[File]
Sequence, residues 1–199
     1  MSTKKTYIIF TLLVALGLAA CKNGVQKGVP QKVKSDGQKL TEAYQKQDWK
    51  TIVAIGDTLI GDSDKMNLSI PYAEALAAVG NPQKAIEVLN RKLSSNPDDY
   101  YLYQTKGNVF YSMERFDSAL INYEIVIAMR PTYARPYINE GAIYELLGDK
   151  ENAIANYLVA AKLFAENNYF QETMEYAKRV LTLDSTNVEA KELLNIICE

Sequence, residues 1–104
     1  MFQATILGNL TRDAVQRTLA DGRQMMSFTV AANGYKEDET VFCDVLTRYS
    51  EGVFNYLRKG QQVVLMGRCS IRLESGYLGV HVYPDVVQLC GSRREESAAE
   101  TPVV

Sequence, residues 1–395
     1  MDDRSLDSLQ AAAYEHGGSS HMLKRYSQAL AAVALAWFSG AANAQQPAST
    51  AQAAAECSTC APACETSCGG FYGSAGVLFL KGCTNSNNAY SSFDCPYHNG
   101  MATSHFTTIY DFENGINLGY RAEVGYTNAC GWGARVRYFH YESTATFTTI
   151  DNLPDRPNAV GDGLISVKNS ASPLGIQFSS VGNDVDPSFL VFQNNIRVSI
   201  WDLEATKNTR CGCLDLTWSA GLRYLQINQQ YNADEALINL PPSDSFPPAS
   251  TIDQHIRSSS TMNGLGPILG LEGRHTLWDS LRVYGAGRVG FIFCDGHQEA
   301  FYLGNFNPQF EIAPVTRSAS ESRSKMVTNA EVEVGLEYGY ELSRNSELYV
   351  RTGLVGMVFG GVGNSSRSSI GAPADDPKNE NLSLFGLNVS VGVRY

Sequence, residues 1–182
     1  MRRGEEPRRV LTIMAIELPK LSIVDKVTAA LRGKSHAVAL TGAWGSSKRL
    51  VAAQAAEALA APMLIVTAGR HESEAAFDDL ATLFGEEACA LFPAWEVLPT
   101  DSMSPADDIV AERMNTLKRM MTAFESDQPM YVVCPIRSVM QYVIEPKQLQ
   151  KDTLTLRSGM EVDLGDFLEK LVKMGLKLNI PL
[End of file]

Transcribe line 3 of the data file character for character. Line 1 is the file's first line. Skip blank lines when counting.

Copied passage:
    51  TIVAIGDTLI GDSDKMNLSI PYAEALAAVG NPQKAIEVLN RKLSSNPDDY